In the Orthodox world we are over one week into Lent, and I really haven’t done any of those things.

I can’t.

I know what you’re thinking. You can, Karissa, you just won’t. Maybe that’s true. I keep thinking, this is what Lent’s about. Making sacrifices. Living simply. Reducing distractions. Focusing on what’s important.

For me, this Lent is for staying still. I have wrestled and questioned and examined my faith over and over. I have gone through motion after motion. Now, it’s simply time for me to be quiet. It is time for me to do nothing. I will let the silence speak to me. I will wait for whatever is coming.

I hope you can forgive me for my faithlessness. And I really hope that my priest doesn’t read this. If he does, I guess he will already know what I have to confess whenever I go to confession again. And I think he might tell me that there is grace even in the stillness and silence.

The art of doing nothing is exactly this: sometimes doing nothing is the very path that brings you to where you want to be.  


  1. You know I can relate, Karissa. I’m having a peaceful “lite Lent”… in which I do pray the Prayer of Saint Ephraim most days, because it’s such a touchstone for health spiritual and mental living. I don’t keep the prescribed fast, but I am trying to be more moderate in eating and drinking and generally denying myself some things. I missed all of the services of the church the first week of Lent, but this past Monday night I went to Compline and the candlelight flickering on the gold leaf of the icons and the music blessed me. Mostly I’m focusing on loving. Loving others and myself. Can’t go wrong there. Thanks for sharing these honest thoughts.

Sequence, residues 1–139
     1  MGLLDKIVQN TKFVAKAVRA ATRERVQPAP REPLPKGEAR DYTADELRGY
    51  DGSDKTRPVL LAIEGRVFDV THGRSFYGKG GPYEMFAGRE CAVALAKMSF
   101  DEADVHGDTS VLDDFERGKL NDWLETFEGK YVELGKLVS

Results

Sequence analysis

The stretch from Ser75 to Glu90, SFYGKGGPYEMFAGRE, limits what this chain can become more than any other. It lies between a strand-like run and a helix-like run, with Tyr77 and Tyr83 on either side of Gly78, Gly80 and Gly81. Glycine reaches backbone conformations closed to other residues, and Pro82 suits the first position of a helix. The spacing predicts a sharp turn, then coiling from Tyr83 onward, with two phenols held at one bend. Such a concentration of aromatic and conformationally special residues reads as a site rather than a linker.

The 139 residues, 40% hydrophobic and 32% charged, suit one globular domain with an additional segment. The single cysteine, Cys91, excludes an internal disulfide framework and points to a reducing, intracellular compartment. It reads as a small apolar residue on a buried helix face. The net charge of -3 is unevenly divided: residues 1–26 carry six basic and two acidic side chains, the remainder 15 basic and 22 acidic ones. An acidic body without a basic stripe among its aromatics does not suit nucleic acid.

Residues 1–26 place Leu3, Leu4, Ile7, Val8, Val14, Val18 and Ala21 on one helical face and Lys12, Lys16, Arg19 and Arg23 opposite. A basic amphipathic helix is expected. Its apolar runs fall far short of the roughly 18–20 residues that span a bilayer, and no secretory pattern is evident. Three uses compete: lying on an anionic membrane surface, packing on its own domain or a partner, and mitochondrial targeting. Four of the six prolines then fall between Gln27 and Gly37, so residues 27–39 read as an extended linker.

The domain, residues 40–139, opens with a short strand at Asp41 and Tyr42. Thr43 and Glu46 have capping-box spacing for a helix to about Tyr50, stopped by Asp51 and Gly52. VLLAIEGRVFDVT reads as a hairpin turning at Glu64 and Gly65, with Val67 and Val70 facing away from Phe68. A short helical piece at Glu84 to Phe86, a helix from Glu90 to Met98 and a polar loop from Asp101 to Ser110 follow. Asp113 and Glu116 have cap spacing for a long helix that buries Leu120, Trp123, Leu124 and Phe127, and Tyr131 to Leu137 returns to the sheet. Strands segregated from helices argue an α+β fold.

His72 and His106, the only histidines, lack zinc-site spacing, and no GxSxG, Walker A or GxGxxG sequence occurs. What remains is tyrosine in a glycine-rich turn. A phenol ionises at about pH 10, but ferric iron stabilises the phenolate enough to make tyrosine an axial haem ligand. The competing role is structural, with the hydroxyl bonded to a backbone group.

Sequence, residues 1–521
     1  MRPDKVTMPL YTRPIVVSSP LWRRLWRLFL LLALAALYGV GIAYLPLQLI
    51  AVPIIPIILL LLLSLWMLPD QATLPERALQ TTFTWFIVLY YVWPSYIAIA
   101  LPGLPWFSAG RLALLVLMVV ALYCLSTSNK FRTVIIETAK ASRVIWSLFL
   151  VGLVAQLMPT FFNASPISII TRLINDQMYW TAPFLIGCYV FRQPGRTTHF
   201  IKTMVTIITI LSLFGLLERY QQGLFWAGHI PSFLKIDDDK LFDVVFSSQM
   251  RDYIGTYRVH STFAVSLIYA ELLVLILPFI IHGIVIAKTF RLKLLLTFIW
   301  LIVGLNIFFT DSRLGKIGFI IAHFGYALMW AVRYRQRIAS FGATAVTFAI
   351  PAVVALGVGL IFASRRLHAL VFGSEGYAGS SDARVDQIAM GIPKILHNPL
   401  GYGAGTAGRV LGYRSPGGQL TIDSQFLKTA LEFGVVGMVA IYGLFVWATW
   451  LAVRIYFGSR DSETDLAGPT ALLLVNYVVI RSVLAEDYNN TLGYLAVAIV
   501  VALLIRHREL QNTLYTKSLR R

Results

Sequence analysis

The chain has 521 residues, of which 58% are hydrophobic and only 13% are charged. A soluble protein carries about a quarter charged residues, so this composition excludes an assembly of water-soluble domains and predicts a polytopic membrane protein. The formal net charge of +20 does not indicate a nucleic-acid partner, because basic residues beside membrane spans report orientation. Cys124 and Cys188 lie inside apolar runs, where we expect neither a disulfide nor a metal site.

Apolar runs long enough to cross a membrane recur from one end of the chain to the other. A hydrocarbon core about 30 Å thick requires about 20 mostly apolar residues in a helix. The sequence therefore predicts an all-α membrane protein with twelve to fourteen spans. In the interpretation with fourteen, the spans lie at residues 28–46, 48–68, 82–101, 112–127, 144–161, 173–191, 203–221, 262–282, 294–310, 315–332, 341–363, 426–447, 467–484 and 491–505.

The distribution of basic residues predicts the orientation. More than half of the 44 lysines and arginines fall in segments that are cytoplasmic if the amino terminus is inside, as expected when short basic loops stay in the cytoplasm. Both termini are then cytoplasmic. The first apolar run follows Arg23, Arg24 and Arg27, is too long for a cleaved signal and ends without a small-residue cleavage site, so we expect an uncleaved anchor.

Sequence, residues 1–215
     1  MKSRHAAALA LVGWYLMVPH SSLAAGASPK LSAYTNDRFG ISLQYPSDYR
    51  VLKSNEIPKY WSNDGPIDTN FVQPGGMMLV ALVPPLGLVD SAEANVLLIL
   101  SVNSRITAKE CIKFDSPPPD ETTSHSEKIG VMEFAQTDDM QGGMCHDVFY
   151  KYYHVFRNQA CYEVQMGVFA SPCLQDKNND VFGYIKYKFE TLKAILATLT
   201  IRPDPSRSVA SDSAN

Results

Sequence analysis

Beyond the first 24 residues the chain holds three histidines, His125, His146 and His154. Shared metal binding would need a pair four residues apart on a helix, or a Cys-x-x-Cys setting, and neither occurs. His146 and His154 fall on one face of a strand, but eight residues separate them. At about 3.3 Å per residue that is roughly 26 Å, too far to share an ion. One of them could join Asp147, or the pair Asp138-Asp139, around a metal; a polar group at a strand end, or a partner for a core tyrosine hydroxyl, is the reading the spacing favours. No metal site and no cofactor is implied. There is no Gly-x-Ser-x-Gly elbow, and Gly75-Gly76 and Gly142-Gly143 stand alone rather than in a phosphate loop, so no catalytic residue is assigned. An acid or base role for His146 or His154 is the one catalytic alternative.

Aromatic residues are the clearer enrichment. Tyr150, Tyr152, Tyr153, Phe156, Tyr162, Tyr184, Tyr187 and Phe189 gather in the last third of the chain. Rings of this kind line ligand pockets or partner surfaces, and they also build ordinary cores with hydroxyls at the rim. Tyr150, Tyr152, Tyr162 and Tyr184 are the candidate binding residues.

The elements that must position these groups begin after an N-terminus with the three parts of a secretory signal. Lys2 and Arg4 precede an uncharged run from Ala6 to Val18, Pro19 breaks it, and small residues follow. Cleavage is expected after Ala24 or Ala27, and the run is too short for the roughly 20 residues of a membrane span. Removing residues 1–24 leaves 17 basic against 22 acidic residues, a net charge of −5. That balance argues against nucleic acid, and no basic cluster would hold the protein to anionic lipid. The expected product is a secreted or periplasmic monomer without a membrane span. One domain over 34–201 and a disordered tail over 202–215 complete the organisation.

2. Jennie says:

    I found you from What Do You Do Dear? (just in case you’re wondering)

    I am not Orthodox, but perhaps you can just tell your priest you gave up Lent for Lent? I think as long as it’s an intentional act as you’ve described here, it’s should pass. Sometimes we need a break for the “shoulds” to appreciate the reason for ritual. Just my two cents.

    I really enjoy your writing. I am so glad you did a guest post for Mary Evelyn!

    • Bree says:

      yes! “sometimes we need to break the ‘shoulds’ to appreciate the reason for ritual”

      this speaks to me so much, after 9 months of taking a break from church, i realise that i had lost my reasoning, and i was just feeling like it was what i ‘should do’, more than anything else. i now feel peace and freedom, and released from guilt, and when i DO go back, i feel only that i am there to be who i am, free from expectation – it is wonderful.

      thank you jennie!

  3. Shelia says:

    Knowing your priest, I have an idea he would say exactly that.

    Sometimes the most courageous path is to set aside those practices that have given us our identity, our sense of security, and see what’s left. Thank you for your honesty and vulnerability. I believe God will honor that. Jesus had no problem stepping away from everything and everyone who needed him to the recalibration and restoration of silence and loneliness.

    Blessings to you, lovely friend.

Leave a Reply

Your email address will not be published. Required fields are marked *